Exploiting protein fluctuations at the active-site gorge of human cholinesterases: further optimization of the design strategy to develop extremely potent inhibitors

J Med Chem. 2008 Jun 12;51(11):3154-70. doi: 10.1021/jm701253t. Epub 2008 May 15.


Protein conformational fluctuations are critical for biological functions, although the relationship between protein motion and function has yet to be fully explored. By a thorough bioinformatics analysis of cholinesterases (ChEs), we identified specific hot spots, responsible for protein fluctuations and functions, and those active-site residues that play a role in modulating the cooperative network among the key substructures. This drew the optimization of our design strategy to discover potent and reversible inhibitors of human acetylcholinesterase and butyrylcholinesterase (hAChE and hBuChE) that selectively interact with specific protein substructures. Accordingly, two tricyclic moieties differently spaced by functionalized linkers were investigated as molecular yardsticks to probe the finest interactions with specific hot spots in the hChE gorge. A number of SAR trends were identified, and the multisite inhibitors 3a and 3d were found to be the most potent inhibitors of hBuChE and hAChE known to date.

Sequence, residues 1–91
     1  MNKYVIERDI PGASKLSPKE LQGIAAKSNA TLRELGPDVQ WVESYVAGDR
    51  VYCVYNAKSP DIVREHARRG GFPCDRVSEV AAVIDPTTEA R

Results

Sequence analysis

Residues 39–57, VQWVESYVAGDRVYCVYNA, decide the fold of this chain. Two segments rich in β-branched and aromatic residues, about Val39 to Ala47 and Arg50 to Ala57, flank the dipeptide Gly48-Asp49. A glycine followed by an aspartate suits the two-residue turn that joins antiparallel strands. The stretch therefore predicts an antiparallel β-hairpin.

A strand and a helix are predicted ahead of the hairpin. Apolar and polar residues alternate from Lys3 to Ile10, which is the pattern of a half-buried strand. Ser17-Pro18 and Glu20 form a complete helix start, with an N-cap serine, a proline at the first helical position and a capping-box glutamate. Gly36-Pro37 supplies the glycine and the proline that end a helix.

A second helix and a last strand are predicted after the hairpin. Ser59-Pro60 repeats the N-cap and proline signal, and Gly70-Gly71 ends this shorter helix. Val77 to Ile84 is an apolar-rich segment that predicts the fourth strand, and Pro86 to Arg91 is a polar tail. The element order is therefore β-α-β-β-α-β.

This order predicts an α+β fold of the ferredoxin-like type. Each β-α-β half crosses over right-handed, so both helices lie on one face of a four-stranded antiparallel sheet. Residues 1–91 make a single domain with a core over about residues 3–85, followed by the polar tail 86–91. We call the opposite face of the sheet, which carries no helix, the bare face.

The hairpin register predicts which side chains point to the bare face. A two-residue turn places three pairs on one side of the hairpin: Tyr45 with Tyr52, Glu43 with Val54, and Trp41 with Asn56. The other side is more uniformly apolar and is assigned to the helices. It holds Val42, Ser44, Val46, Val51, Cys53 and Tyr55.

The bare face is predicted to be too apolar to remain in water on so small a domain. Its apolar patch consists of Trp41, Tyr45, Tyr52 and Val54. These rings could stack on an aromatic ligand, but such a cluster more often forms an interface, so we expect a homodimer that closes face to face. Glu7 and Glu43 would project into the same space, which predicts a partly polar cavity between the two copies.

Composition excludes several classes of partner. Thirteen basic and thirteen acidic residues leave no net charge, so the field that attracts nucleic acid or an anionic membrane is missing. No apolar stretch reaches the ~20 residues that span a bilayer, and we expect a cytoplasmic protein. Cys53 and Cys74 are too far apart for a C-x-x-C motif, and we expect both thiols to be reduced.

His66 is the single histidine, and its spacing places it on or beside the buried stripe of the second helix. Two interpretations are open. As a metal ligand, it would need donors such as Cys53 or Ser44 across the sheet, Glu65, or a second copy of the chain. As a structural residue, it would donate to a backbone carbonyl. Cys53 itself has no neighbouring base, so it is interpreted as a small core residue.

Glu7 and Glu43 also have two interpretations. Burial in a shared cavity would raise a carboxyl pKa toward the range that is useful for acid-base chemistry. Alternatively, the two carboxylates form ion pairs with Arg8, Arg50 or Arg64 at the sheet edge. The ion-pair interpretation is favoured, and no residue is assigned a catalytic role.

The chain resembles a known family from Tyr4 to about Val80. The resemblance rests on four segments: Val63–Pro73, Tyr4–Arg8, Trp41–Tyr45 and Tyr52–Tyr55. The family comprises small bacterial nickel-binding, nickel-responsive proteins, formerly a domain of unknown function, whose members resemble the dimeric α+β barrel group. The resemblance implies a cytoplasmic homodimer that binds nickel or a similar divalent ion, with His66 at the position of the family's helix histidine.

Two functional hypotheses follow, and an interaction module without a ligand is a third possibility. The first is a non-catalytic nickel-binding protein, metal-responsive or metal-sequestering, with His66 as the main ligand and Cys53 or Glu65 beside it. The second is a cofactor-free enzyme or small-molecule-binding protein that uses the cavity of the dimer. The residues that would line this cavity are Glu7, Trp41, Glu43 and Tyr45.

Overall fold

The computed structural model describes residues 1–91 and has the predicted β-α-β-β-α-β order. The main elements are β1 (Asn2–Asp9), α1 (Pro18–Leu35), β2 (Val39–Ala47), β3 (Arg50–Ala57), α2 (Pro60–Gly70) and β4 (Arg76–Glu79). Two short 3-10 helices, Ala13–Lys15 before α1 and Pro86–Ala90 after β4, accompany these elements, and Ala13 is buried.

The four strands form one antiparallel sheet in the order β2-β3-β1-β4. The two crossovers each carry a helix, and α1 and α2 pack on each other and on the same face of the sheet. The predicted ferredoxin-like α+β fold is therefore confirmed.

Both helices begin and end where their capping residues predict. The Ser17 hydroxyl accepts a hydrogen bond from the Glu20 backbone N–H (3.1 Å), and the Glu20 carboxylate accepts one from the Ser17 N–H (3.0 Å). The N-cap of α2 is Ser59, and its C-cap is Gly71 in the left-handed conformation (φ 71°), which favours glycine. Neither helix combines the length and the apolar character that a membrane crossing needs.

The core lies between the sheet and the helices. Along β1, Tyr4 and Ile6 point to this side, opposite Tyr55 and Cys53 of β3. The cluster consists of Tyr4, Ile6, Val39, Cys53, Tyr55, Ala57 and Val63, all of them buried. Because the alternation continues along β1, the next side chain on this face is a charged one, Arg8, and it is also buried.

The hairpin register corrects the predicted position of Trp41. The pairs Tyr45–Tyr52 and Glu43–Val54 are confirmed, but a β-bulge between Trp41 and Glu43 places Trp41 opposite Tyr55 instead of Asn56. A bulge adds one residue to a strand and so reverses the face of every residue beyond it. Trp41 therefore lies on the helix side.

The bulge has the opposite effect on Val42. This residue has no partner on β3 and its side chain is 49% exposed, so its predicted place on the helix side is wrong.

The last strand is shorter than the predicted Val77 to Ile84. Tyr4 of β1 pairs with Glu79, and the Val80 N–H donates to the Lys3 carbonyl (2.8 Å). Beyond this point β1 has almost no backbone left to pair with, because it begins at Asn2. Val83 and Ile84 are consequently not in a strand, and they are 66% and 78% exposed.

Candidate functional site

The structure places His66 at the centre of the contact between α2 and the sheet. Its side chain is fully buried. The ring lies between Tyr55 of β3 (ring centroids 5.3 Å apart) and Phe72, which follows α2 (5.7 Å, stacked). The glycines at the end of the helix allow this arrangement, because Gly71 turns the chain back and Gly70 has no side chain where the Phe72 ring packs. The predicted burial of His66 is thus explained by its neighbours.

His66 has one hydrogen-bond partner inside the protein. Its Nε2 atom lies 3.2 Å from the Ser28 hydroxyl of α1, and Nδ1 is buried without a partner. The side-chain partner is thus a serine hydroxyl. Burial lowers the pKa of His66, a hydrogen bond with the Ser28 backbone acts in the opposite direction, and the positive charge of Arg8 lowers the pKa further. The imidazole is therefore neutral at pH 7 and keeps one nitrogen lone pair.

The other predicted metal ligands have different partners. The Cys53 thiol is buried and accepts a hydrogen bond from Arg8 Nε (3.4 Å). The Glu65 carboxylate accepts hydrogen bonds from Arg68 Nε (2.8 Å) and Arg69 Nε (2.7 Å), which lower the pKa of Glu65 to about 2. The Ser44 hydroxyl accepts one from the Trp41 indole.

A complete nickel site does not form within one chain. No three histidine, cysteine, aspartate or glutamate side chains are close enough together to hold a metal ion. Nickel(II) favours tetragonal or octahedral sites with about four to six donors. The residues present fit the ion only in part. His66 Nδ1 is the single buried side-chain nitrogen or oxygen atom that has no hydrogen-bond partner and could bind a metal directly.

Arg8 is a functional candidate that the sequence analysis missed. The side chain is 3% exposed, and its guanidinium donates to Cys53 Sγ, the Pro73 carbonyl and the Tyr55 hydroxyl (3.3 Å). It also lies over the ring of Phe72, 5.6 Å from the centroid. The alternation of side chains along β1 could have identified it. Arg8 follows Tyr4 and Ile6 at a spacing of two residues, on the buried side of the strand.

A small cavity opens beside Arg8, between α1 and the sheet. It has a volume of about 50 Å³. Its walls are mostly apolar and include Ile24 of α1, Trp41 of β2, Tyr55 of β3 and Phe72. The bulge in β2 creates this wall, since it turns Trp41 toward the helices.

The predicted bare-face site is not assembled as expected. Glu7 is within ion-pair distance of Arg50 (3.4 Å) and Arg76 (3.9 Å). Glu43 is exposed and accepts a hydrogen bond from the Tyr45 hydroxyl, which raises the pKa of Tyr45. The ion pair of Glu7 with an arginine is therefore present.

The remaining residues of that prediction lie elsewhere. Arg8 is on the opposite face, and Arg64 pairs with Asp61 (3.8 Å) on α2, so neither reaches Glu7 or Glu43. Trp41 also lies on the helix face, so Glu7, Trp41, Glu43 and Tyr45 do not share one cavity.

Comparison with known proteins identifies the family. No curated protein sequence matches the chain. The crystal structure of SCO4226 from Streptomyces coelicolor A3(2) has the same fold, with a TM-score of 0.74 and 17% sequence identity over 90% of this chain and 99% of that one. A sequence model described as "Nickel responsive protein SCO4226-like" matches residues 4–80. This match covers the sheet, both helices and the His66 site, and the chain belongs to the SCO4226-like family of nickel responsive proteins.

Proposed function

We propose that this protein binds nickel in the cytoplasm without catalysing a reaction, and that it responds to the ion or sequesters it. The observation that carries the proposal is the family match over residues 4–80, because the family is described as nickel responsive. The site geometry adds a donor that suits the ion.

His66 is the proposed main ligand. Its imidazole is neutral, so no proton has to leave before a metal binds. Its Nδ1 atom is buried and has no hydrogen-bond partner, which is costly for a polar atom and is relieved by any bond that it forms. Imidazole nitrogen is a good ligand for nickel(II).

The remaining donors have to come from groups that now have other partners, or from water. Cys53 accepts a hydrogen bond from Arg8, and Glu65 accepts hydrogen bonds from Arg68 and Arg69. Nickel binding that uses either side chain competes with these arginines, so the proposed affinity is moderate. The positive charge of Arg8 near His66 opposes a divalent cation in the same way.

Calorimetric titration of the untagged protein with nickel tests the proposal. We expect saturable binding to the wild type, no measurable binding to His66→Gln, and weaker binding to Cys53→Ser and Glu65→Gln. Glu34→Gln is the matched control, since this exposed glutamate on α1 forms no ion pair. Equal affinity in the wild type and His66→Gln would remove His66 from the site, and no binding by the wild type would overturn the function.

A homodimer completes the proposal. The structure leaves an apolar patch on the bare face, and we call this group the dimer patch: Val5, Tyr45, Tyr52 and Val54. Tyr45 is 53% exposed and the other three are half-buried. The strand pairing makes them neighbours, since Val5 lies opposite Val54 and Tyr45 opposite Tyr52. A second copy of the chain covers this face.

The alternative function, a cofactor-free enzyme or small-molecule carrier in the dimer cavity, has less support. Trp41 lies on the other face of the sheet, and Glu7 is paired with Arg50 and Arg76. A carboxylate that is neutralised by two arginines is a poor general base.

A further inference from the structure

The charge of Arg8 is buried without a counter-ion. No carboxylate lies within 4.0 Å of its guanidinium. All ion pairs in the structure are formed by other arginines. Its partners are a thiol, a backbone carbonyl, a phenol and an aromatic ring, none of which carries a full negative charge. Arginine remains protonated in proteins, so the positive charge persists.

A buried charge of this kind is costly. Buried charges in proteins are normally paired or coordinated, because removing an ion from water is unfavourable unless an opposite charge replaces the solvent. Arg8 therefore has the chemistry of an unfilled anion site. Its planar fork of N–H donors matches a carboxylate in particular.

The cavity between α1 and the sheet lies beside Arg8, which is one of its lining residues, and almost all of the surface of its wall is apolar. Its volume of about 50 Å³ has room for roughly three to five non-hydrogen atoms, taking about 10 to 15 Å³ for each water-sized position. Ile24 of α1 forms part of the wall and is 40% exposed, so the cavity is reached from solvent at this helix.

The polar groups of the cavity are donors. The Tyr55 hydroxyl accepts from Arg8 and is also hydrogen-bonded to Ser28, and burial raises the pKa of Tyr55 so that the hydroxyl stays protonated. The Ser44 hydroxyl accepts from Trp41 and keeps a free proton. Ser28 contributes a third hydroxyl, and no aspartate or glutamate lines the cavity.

Publication types

  • Research Support, Non-U.S. Gov't

MeSH terms

  • Acetylcholinesterase / chemistry*
  • Binding Sites
  • Butyrylcholinesterase / chemistry*
  • Cholinesterase Inhibitors / chemistry*
  • Computational Biology
  • Crystallography, X-Ray
  • Drug Design
  • Humans
  • Models, Molecular*
  • Protein Conformation
  • Structure-Activity Relationship
  • Tacrine / analogs & derivatives*
  • Tacrine / chemical synthesis*
  • Tacrine / chemistry


  • Cholinesterase Inhibitors
  • Tacrine
  • Acetylcholinesterase
  • Butyrylcholinesterase